I think mortar would be easier, but I used SLC under a 32X32 shower stall and it worked fine. Problem was the SLC found spaces to ooze through:eek: I used scraps of towels to caulk those spots and then when the SLC had set up, I cleaned up spots that had gotten through the caulk. The SLC did give the shower a very solid base, but with 20/20 hindsight, to do again I'd use mortar. It does not have to have 100% coverage. Do not use foam insulation.
  4. hj

    hj Moderator & Master Plumber Staff Member

    Messages:
    26,309
    Location:
    Cave Creek, Arizona
    tub

    You are making a fairly simple job into a project. Check the floor in front of the tub. If it is level then the tub will be level also. SLC is a "liquid" material, and you need a "plastic" one which will stay in place until the tub is set onto it, and then spread out because of the tub's pressure. SLC will flow to any low spots, or openings, and may not even reach the bottom of the tub, depending on how it is made.
  5. johnfrwhipple

    johnfrwhipple I love these ACO Shower Drains - Best in Class

    Messages:
    3,828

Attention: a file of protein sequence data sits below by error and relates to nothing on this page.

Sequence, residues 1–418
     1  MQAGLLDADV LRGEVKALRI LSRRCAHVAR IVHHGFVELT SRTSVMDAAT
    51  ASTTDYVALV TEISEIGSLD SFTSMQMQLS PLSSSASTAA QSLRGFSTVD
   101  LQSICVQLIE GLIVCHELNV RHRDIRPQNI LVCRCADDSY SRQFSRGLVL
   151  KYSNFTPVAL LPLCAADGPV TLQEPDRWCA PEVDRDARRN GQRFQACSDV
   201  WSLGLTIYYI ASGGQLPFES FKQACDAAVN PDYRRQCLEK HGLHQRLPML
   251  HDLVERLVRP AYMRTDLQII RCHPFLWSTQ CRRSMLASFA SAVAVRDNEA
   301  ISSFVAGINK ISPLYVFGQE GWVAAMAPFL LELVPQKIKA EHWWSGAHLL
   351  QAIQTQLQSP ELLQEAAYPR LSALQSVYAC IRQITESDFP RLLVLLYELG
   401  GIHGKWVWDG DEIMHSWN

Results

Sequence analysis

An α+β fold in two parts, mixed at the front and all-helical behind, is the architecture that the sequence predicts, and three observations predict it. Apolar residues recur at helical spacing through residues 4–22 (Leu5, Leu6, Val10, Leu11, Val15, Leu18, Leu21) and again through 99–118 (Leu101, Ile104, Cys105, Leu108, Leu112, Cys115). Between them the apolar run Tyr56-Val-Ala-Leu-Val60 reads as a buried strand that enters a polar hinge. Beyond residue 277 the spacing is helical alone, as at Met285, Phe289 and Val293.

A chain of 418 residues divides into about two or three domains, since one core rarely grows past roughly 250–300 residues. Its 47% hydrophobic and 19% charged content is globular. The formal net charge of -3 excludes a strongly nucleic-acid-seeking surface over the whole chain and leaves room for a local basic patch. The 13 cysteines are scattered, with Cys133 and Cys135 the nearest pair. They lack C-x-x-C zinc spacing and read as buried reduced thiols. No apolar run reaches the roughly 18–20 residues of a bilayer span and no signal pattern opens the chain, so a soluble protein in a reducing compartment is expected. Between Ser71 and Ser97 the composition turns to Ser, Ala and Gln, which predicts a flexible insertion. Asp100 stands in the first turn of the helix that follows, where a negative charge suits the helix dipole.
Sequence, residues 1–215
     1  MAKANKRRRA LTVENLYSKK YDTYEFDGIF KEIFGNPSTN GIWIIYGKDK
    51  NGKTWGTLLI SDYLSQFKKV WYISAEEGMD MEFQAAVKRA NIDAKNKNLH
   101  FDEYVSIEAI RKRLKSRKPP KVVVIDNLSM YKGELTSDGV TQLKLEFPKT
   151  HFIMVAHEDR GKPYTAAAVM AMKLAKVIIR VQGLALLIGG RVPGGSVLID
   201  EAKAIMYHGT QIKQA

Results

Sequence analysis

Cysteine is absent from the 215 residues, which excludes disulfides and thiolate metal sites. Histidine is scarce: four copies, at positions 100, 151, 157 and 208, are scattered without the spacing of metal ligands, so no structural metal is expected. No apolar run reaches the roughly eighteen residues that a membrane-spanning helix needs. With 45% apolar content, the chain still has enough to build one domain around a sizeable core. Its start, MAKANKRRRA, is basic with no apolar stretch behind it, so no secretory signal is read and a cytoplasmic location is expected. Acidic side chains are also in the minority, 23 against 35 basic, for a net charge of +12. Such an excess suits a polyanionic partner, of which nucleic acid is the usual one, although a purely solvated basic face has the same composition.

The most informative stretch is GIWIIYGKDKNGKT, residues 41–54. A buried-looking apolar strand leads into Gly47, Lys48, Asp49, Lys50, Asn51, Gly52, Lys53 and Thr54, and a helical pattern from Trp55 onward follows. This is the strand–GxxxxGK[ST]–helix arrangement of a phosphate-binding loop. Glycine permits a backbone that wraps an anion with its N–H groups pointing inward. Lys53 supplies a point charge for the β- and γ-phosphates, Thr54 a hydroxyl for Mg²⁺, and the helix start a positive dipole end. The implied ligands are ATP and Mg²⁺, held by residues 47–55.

Location:
    North Vancouver, BC
    Setting in your new tub

    Plastic mortar sandwich.

    What the boys above said. Bust out old cement, lay out some poly, top with mortar mix, top with poly and set your tub.

    Make sure you have 2-3 bags of mortar mix, maybe 2-4 2"x4"'s and some strong backs to help you postion, readjust, and level that tub. Buy the longest level you can get to sit across the tub and have a 2'-3' one for the side.

    You only get one chance - don't take the easy route of not pulling out the tub one more time to fine tune the grade.
  6. miamicanes

    miamicanes New Member

    Messages:
    103
    Location:
    Pembroke Pines, FL
    Well, here's the thing: it's a 3-walled alcove, and I have access to it ONLY from the fourth side. In theory I could cut a hole through the drywall at the end opposite the drain, but the one end where having access would REALLY help -- the drain end -- backs up against a cement block exterior wall that's separated from the neighbor's cement block exterior wall by a sheet of Tyvek.